It may just be the loopy hour right before bed (though something tells me this is her round-the-clock personality), but either way, King has no interest in formalities. This comes as an immense relief to me. I volunteer a piece of pandemic slang I learned recently: the "Zoom mullet," meaning business attire on top, pajama pants on the bottom. "Oh, I went above and beyond the Zoom mullet for this. It’s a wonder I’m wearing pants at all. I even kept my mascara on," King banters back with ample side mouth and sarcasm. (Her mascara comes courtesy of Revlon, for inquiring minds. Her brows? Fenty. "I love makeup. If I just throw on a little bit, my mood increases, even if I’m not seeing anyone," King tells me. "Like today, I had a lot of stuff to do, but when I was finished with that stuff, after I showered, I didn't have anything to do necessarily. So I swiped a little mascara and put on a little eyeliner, brushed on my eyebrows and I was like, ooh, shit. It's just a way to reclaim your day.")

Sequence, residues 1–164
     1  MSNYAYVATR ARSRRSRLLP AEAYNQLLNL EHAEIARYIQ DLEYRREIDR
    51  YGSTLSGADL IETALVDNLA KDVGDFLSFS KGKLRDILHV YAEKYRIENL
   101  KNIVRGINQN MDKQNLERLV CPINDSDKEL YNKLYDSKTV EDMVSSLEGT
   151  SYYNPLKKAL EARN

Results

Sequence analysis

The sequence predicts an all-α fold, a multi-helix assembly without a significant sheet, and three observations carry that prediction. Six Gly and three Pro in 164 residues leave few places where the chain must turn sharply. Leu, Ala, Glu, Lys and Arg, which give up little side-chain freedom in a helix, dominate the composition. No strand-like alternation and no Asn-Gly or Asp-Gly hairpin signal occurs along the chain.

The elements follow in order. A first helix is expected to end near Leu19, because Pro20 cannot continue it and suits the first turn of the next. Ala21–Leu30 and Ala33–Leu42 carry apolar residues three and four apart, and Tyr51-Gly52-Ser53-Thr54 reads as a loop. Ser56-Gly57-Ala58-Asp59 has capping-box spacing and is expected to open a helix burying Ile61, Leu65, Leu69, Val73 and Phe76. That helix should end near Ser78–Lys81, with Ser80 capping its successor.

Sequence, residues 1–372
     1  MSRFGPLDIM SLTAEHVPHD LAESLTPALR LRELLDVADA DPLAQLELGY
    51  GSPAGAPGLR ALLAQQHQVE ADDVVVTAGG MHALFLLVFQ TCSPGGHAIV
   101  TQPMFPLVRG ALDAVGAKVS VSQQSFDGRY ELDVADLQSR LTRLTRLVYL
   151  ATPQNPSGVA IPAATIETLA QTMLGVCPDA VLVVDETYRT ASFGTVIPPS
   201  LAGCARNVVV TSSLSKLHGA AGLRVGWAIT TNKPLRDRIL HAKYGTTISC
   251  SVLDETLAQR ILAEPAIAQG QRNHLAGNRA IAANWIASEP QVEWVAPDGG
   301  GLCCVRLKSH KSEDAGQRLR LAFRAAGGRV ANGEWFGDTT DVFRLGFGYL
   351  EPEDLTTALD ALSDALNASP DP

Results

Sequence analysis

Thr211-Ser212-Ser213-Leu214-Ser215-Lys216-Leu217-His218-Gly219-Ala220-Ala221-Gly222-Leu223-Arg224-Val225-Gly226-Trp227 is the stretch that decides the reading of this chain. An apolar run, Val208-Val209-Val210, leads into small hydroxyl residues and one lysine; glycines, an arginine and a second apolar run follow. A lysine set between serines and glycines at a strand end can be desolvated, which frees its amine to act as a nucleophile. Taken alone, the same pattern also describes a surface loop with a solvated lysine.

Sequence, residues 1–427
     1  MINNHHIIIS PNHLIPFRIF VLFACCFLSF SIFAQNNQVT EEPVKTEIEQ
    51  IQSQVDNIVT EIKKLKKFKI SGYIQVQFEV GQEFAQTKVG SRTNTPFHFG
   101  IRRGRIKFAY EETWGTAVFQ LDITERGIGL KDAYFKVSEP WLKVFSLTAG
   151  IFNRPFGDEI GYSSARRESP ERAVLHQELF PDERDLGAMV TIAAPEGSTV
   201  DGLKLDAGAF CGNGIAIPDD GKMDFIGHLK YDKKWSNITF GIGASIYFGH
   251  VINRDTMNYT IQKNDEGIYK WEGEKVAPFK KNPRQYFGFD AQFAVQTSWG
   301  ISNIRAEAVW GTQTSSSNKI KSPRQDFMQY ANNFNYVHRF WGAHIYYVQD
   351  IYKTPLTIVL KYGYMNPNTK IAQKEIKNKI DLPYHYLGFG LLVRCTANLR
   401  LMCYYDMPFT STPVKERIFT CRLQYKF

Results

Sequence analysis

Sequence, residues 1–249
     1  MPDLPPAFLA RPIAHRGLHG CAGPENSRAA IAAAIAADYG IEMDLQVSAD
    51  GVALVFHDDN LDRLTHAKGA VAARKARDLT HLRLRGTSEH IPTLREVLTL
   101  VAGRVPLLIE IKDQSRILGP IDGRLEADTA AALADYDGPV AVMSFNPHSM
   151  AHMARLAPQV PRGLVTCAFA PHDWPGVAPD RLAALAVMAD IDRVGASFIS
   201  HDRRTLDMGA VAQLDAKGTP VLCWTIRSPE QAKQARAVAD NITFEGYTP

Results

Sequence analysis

No matter the context, this seems to be how every get-to-know-you chat of 2021 starts—with an obligatory quarantine autopsy. My exchange with King is no different. Pleasantries like "how are you?" have universally transformed into, "Things are weird. How are they weird for you, specifically?" King starts by offering her favorite term from the past year: “FOGO," aka, the fear of going out. "I've become much more introverted over the past 20 months or so. I have zero FOMO anymore," she reveals. Growing up in Hollywood, where there’s always a party or premiere, King said her case of FOMO was already raging by the time she hit double digits. Quarantine, ironically, brought down that fever. "I think I just like myself better now," she adds, "so I don’t need to have plans all the time to feel inner peace and joy, you know?"